The hard top comes with two moonroofs. The front moonroof has a tilt option or can be removed. The rear moonroof can also be removed. The most obvious benefits of the hard top are the glass side and rear windows in place of the somewhat fussy zip-in plastic units on the soft-top. The glass dramatically improves visibility out the sides. A rear defroster and wiper are standard.
Our test Rodeo Sport was a 4WD Hardtop, so it came with the 3.2-liter V6 and automatic transmission. The V6 revs quickly, providing quick getaways from intersections. Strong low-end torque peaks at 214 pounds-feet at 3,000 rpm. The Rodeo sprints from 0 to 60 mph in about 8.5 seconds, a strong performance for a small SUV.
Wide 245/70R16 tires are standard this year on all Rodeo Sport models. They don't provide a lot of grip in paved corners, but the Rodeo Sport's handling is very predictable and that makes it entertaining to drive. The 16-inch tires do offer excellent compliance with the all-coil suspension, which smoothes out the ride considerably, although the rear tires do have a tendency to bounce around over really big bumps. With its ladder-type frame and live rear axle, the Rodeo Sport retains some of its truck heritage. It shudders over bumps. In comparison, the Honda CR-V and Toyota RAV4, which are based on passenger-car chassis, ride smoother but cannot match the off-road capability of the Rodeo.
On smooth interstates, the V6 gallivants happily. It's a pleasure to drive on curvy mountain highways where torque is at a premium. The transmission shifts smoothly and the power-assisted rack-and-pinion steering responds well. At lower speeds, the steering is precise, which is equally helpful when negotiating crowded city streets or tight dirt trails. The Rodeo Sport handles much better and is more fun to drive than the similarly priced Kia Sportage.
The Ironman package, which we have not sampled, includes Intelligent Suspension Control. The ISC computer monitors seven separate sensors and continuously adjusts the shock absorbers to optimize ride and handling. A switch in the cockpit allows the driver to select Comfort or Sport modes.
Four-wheel-drive models come with disc brakes front and rear, which provide ample stopping power. Drum brakes in the rear are standard for two-wheel-drive models. Four-wheel anti-lock brakes are standard on all Rodeo Sports. With all that off-road suspension travel, there is some nose dive under hard braking.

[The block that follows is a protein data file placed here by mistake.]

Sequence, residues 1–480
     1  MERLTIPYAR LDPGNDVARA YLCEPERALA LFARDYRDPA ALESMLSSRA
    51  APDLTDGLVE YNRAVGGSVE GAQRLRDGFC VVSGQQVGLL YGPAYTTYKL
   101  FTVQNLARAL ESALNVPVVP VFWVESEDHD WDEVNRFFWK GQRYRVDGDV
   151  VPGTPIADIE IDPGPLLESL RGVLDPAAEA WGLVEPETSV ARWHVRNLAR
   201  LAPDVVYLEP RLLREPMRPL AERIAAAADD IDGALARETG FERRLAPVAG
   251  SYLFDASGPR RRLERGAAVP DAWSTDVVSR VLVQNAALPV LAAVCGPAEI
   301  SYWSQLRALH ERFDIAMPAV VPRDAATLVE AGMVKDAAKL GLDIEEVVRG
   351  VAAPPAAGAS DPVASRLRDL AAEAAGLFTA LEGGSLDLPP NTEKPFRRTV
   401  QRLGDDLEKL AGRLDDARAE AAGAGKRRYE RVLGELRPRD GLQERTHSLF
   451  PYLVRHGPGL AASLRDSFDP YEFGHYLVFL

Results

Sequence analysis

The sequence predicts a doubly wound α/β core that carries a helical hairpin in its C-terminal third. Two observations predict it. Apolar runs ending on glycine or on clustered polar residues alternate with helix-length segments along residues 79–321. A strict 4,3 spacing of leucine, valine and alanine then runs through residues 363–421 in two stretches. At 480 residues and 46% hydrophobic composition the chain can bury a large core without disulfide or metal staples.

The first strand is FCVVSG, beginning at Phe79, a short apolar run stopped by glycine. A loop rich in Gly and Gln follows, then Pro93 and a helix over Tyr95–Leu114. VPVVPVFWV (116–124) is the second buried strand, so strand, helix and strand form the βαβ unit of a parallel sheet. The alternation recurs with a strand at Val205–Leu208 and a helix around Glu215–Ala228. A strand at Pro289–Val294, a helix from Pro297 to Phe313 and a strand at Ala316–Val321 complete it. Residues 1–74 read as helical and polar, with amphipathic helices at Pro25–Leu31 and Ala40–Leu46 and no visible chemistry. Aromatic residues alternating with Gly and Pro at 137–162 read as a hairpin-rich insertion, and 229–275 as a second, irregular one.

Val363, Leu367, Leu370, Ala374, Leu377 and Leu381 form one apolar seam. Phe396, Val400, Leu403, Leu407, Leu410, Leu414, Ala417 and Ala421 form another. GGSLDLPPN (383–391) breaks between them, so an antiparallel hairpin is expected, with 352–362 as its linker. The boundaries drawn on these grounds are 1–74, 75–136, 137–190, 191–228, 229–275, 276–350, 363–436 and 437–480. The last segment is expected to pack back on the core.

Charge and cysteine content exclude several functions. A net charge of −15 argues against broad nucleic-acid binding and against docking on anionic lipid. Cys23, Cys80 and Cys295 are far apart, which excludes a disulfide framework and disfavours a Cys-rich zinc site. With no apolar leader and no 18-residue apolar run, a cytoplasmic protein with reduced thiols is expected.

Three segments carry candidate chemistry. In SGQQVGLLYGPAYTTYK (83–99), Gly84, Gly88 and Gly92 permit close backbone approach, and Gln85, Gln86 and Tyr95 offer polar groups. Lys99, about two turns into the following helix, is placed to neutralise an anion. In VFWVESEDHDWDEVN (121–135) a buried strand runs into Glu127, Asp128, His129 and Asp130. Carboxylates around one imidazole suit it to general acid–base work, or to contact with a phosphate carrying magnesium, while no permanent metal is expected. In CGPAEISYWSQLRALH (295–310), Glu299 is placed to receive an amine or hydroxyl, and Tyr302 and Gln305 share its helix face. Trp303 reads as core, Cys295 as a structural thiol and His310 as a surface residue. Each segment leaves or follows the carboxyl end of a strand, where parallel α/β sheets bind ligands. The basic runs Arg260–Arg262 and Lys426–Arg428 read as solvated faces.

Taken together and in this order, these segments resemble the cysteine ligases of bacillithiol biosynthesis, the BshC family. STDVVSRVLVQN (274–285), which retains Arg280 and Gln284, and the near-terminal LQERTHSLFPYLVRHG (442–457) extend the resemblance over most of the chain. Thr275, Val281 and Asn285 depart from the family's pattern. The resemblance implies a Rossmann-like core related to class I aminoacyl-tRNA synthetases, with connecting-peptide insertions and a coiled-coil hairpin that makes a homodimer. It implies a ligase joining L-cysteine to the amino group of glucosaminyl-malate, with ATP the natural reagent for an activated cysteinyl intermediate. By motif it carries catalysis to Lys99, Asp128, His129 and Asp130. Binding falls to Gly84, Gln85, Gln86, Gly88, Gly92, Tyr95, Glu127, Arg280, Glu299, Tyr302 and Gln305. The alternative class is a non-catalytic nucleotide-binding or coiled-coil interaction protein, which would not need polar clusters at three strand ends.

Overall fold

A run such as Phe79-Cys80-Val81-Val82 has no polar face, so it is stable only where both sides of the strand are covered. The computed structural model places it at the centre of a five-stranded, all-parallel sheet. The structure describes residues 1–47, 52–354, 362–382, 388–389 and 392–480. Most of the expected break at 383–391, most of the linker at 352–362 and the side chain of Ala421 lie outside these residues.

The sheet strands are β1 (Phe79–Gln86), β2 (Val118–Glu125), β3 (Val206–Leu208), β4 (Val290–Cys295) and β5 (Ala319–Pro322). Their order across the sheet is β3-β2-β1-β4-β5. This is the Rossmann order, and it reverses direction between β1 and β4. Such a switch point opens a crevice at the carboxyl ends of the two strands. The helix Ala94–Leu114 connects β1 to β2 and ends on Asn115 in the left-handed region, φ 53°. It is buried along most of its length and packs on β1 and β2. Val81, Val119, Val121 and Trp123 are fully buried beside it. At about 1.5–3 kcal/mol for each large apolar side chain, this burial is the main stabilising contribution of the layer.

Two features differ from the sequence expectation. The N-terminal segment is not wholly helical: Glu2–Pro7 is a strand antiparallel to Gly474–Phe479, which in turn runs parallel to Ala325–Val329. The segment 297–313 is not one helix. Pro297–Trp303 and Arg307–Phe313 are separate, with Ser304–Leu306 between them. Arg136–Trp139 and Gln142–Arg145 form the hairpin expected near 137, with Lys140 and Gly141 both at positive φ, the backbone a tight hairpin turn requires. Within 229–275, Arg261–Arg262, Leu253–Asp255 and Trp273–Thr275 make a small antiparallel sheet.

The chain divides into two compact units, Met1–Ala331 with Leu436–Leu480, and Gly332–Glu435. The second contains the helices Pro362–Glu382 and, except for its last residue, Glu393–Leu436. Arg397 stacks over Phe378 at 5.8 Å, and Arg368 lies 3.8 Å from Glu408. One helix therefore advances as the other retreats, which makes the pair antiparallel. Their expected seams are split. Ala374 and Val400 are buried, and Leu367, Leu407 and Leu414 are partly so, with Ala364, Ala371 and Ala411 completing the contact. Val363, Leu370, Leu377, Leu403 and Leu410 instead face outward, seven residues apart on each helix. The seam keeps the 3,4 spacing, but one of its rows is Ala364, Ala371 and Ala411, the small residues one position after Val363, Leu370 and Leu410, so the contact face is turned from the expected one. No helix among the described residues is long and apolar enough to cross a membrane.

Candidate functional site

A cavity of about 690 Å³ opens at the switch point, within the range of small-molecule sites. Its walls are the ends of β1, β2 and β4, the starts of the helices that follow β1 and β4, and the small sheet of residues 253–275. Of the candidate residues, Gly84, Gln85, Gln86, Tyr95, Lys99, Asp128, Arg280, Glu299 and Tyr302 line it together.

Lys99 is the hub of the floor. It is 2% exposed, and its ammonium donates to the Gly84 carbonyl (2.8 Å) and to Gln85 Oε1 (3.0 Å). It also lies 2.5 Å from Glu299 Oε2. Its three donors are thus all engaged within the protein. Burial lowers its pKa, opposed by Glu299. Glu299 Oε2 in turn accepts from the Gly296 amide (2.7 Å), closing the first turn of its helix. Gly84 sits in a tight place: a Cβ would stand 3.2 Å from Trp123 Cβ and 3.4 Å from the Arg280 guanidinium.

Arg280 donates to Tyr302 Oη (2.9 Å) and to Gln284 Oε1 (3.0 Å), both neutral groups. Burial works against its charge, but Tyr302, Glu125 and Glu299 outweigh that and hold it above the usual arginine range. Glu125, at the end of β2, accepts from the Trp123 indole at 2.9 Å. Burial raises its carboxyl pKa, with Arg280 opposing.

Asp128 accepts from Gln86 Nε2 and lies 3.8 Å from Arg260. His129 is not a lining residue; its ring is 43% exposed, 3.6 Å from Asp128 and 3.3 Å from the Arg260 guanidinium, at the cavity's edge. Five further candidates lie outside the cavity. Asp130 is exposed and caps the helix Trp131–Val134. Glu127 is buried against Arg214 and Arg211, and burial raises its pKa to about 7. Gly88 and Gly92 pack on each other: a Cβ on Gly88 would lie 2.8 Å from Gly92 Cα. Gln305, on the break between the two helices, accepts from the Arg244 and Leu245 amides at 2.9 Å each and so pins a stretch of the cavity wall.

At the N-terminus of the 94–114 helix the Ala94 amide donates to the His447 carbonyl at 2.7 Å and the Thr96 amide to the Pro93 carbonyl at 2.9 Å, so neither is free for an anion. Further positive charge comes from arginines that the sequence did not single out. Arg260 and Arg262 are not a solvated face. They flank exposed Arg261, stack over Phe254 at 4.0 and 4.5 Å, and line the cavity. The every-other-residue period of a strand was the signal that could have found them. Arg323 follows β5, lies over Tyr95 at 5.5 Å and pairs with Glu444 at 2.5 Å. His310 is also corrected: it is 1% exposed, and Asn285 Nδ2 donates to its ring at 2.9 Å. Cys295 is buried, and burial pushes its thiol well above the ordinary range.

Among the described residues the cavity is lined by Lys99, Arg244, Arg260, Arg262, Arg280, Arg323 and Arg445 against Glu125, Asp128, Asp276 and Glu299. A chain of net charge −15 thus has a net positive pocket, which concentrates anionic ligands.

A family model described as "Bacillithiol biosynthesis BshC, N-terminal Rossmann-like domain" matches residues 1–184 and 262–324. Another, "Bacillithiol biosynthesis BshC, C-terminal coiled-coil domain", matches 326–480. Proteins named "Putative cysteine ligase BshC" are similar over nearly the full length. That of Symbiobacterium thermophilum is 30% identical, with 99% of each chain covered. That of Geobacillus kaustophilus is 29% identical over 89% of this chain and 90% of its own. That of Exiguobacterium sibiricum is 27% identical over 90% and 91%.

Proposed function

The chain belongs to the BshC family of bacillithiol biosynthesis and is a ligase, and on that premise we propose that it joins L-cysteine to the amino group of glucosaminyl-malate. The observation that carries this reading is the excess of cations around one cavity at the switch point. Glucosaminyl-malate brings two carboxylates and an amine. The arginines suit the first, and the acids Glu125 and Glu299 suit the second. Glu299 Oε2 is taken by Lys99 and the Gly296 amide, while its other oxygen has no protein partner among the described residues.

When equipped with the automatic transmission, the Rodeo Sport can be shifted from rear-wheel drive to four-wheel drive on the fly. Simply press the button on the dashboard. Most off-road hazards don't occur 'on the fly,' but it's nice not having to stop when the pavement turns to gravel. For extreme off-road conditions, stop and shift into the low-range gears for maximum torque by engaging a floor-mounted lever. The Rodeo's part-time four-wheel-drive system is designed for loose surfaces and should not be used on dry pavement.
The Rodeo Sport really shines on steep, difficult grades. We learned this in the San Bernardino Mountains where the Rim of the World Pro Rally is held. The torque of the V6 works well with the tough but compliant tires. Shifting into four-wheel drive, we drove over huge rocks and climbed through deep ruts. We explored craggy logging roads loaded with large rocks near Lake Arrowhead, thankful for galvanized steel shields that protect the radiator and fuel tank.
Rodeo Sport offers distinctive, funky styling that helps it stand out from a herd of boxy SUVs. The hard top appeals to buyers who want practicality and a more sophisticated appearance, while the soft top model delivers top-down, fun-in-the-sun motoring.
One of the most attractive features of the Rodeo Sport is its price, which is competitive with the Toyota RAV4, Kia Sportage and other small SUVs. Yet Rodeo Sport offers more space and more driving entertainment.
The Rodeo Sport is, in a word, endearing. It may no longer be an Amigo, but it's still a friend.
2WD 4-cylinder: hard top 5-speed ($15,440); Soft top 5-speed ($15,715); hard top automatic ($16,560); soft top automatic ($16,835)
2WD V6: hard top automatic ($18,135); soft top automatic ($18,410)
4WD (all V6): soft top 5-speed ($19,750); hard top automatic ($20,360); soft top automatic ($20,750).
Options As Tested
Preferred Equipment Package ($2,195) includes air conditioning, power windows and door locks, power mirrors, keyless remote, AM/FM/CD/cassette stereo with six speakers, cargo net, floor mats; alloy wheels ($400); fog lights ($70); Titan Gray overfenders ($225); limited-slip differential ($250).
4WD V6 Hard Top Automatic ($20,360).